Putting aside the truism that the contemporary Democratic Party and President Obama rival the Republican Party in feeding at the trough of Big Business, the GOP-composed opinion in Citizens United v. Federal Election Commission (08-205) is revealed as an exercise in hypocrisy and partisan favoritism by examining another landmark election law case animated by First Amendment claims used in the fight against colossal wealth dominating the political process, Timmons v. Twin Cities Area New Party (95-1608) (1997).
In Timmons, a political party, the now-defunct New Party, sought to fuse its nominated candidates with other political parties' nominated candidates [that is nominating the same people] in an effort to expand the New Party under the protection of the First Amendment's guarantees of free expression and association.
For instance, progressive Democratic Party nominees like Sen. Russ Feingold (D-Wisconsin), Rep. Tammy Baldwin (D-Madison) and Rep Gwen Moore (D-Milwaukee) might also be the nominees of the New Party under the political strategy of electoral fusion.
The goal ultimately was to remove the domination huge money has over the political process and specifically the two major political parties, a la the Gilded Age in the late 19th century when concentrated wealth led to the domination by hyper-concentrated money over the political system, also known as the time of the robber barons.
The New Party lost the Timmons case and its claim of First Amendment rights was rejected in the 6-3 opinion written by the late Chief Justice William H. Rehnquist (R) who wrote that the legislatures' right to regulate elections and insure "stability" outweighed First Amendment guarantees of free expression and association. [Let's put a R or D by Supreme Court Justices and dispense with the absurd notion that our Justices are neutral umpires applying the law and U.S. Constitution.]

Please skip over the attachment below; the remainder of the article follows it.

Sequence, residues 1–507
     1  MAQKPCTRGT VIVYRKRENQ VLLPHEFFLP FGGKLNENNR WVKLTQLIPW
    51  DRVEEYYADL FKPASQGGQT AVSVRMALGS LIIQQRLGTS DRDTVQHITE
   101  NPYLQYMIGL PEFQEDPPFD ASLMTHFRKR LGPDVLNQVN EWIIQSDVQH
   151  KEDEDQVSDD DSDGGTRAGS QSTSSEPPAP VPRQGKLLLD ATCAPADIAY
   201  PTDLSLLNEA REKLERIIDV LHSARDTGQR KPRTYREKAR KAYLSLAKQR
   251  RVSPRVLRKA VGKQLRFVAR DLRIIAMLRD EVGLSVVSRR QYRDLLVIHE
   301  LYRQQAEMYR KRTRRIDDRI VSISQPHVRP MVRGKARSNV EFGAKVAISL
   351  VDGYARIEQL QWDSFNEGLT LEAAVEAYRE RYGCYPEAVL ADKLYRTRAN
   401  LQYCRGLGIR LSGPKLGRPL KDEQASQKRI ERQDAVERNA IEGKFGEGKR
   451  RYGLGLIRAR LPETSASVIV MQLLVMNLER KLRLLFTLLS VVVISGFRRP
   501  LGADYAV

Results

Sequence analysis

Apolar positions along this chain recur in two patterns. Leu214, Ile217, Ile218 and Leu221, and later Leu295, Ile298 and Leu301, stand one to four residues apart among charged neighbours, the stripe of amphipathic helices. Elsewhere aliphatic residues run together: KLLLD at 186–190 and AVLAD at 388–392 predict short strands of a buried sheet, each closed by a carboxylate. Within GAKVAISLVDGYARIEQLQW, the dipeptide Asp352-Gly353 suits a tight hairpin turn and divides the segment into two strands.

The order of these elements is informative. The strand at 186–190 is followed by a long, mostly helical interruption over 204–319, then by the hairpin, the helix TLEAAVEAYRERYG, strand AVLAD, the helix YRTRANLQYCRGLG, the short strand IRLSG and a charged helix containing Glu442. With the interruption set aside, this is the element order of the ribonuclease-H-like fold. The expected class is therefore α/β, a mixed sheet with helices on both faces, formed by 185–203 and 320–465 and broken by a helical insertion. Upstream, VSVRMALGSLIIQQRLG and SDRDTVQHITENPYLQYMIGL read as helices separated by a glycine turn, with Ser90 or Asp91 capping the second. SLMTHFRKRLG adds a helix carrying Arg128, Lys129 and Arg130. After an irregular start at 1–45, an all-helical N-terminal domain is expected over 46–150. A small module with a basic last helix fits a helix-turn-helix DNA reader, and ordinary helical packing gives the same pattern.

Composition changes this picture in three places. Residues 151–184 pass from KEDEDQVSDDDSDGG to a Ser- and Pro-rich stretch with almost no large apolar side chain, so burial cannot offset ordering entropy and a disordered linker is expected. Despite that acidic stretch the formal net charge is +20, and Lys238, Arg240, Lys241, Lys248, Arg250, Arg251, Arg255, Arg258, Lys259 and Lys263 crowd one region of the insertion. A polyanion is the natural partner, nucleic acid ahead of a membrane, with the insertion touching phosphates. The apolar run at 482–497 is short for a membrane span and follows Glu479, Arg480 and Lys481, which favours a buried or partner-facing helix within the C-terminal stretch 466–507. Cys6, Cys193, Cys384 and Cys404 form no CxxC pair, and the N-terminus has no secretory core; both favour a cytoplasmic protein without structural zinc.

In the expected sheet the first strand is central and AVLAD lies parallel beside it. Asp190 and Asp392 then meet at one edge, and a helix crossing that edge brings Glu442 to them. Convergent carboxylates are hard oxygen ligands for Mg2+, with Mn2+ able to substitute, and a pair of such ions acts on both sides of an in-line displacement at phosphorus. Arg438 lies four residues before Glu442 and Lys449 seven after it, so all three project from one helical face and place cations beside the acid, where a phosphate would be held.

Rehnquist was joined in his opinion by fellow Republicans sitting on the Court today, Justices Antonin Scalia, Anthony M. Kennedy, and Clarence Thomas.
Justices Scalia, Kennedy, and Thomas worte/joined the GOP opinion in Citizens United v. Federal Election Commission (08-205), along with two Bush-nominated justices, Alito and Roberts. [The corporate Democrat Justice Stephen G. Breyer agreed with the result in Timmons but dissented in Citizens United.]
What is both amusing and repulsive in reading Kennedy's Citizens United opinion is the Court's claim to be championing the liberty interests of the First Amendment interpreted expansively, the opinion's author would have us believe. Writes Kennedy, "If the First Amendment has any force, it prohibits Congress from fining or jailing citizens, or associations of citizens, for simply engaging in political speech."
Never mind that Kennedy misstates the issue in the Citizens United case concerning how citizens can engage in political speech in the electoral process, where is this libertarian fervor of Scalia, Kennedy, and Thomas in the Timmons case? It is absent. Justices Scalia, Kennedy, and Thomas joined Justice Rehnquist (infamously hostile to the liberties in the Bill of Rights) in Timmons in which Rehnquist writes: ''Ballots serve primarily to elect candidates, not as fora for political expression.''
But now these Republican jurists are the champions of free expression and free association, asserting the unmentioned imperative by Citizens United's litigants that for-profit corporations must be protected vehicles of free speech and the hell with precedent and law, much less the stability of the electoral system.
- via mal contends